Samuel Johnson became famous after publishing the Dictionary of the English Language. It all began in 1746 when a group of publishers approached him to write the dictionary, which was one of the first. Because of it, Trinity College awarded him a doctorate and thereafter he was known as Dr. Johnson. Johnson also committed to finish the dictionary in three years, but it took nine years to write and was not published until 1755.
After it was published, Johnson did not become rich for all his hard work, and “the reward of his labour was only fifteen hundred and seventy-five pounds.” This was because “no royal or noble patron extended a munificent … to the man who had conferred stability on the language of his country … [and] when the expense of amanuenses, and paper and other articles, [were] deducted, his clear profit was very inconsiderable.” Moreover, in 1756, Johnson was arrested for an outstanding debt, and eventually wrote to the publisher Samuel Richardson, who loaned him six guineas, after which the two became friends.
There are also five other interesting things about Johnson. These include his opinion of the Scottish race, his illnesses, his odd behavior, his love for his wife, and his tea drinking. Continue reading →
aumônière—a purse or a pouch. basque—a close-fitting bodice that extends from the shoulders to the waist and frequently includes a short continuation below the waist. basquine—a tight-fitting corset-like underbodice created from heavy fabric or material. bouffant gown—primarily reserved for formal or special occasions, these gowns had a wide, full skirt resembling a hoop skirt or having petticoat supports underneath. bouillonné or bouillon—Gathered or shirred bands of fabric that usually form a bubble. chemisette—a short undergarment worn over a chemise. Also known as a tucker. Continue reading →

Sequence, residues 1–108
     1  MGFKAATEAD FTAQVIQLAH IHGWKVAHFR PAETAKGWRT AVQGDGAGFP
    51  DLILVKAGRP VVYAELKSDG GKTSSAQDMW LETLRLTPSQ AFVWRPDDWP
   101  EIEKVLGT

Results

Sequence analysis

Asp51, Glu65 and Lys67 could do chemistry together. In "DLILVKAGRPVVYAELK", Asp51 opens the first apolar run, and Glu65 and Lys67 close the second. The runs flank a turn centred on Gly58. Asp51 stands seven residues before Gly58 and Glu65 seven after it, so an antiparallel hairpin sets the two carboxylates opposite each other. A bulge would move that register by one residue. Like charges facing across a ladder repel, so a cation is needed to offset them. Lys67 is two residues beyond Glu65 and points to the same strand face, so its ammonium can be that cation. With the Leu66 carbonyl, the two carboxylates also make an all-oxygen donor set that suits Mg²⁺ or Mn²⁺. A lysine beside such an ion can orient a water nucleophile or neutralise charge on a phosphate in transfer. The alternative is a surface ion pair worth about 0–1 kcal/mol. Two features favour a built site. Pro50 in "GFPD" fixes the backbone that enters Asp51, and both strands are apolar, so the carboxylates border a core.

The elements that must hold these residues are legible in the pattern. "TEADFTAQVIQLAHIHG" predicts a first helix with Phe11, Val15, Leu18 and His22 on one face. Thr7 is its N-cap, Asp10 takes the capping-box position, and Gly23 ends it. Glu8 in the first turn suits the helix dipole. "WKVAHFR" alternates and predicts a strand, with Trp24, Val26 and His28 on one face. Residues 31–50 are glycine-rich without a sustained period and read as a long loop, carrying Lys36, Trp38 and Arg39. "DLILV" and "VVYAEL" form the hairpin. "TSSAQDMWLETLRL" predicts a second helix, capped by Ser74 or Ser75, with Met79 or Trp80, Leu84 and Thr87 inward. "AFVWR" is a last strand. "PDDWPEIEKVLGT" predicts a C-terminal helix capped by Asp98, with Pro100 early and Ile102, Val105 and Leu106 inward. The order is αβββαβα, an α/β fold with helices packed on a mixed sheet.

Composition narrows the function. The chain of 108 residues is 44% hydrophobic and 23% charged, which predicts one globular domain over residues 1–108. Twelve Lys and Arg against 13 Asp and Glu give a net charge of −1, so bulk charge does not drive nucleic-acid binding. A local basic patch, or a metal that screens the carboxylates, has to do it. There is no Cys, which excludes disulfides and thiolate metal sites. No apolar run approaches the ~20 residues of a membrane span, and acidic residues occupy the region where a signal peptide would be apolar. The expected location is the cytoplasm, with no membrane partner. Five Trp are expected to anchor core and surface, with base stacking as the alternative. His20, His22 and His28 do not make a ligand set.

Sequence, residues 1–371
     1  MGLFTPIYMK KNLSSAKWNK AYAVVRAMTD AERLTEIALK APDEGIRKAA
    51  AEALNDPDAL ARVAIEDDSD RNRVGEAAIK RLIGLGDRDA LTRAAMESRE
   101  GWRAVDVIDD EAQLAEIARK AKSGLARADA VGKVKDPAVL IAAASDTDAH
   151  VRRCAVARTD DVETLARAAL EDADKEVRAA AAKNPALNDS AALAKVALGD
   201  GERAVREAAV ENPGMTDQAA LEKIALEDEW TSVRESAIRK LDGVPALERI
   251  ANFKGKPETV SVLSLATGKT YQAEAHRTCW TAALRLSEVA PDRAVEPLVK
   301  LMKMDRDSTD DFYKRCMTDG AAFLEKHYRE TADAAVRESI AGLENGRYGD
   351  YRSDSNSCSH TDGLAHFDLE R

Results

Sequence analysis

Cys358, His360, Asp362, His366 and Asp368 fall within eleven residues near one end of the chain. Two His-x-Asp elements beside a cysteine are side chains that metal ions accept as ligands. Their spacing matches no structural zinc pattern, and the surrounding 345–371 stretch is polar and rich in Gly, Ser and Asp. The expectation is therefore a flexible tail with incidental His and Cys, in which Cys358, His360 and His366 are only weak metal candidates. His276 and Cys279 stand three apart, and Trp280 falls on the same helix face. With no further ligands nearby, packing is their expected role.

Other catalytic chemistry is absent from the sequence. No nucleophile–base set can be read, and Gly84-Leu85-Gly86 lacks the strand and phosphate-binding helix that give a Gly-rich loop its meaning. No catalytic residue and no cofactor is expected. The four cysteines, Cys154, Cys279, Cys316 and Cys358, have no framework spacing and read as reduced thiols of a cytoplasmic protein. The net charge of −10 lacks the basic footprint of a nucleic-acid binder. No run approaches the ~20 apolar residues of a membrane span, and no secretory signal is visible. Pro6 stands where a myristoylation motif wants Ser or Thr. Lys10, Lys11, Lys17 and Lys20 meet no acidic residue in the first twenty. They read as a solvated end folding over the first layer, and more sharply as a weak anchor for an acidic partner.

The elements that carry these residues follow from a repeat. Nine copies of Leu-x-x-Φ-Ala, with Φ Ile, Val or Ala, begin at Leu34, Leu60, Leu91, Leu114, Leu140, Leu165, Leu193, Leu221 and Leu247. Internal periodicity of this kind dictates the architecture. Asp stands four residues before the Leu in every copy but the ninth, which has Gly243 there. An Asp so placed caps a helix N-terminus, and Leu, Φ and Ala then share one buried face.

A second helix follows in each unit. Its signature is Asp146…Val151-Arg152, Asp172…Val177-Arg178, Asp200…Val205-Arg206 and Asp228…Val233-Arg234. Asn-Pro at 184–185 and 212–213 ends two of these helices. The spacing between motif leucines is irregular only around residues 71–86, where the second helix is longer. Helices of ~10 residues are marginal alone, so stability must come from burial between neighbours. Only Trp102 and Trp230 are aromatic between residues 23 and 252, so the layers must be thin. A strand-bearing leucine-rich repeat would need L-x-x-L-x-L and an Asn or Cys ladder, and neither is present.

In the late Georgian and Regency Era, hats were more than an element of fashion. There were so many hat styles, any man of any shape or size could find a hat to fit his physical features. But hats were not just designed to fit a man’s physical characteristics; they were also designed to fit a man’s personality. In fact, it was noted that “a man may be readily summed up … approved of or condemned by his immediate fellows [by what hat is put upon his head.]” For this reason men wanted to wear the right hat to give the right impression.
Some hats were unique just like their wearers. Others were elegant, and some “exceedingly comfortable” or “admired for the ease and simplicity of style [more] than for any peculiar character[istic].” Certain hats offered nothing more than nice proportions, whereas some hats were noted as being gentlemanly or displaying “character.” Among the hats designed to fit the eighteenth and nineteenth century man’s unique personality were the Clericus, the Eccentric, John Bull, the Regent, and the Wellington. Continue reading →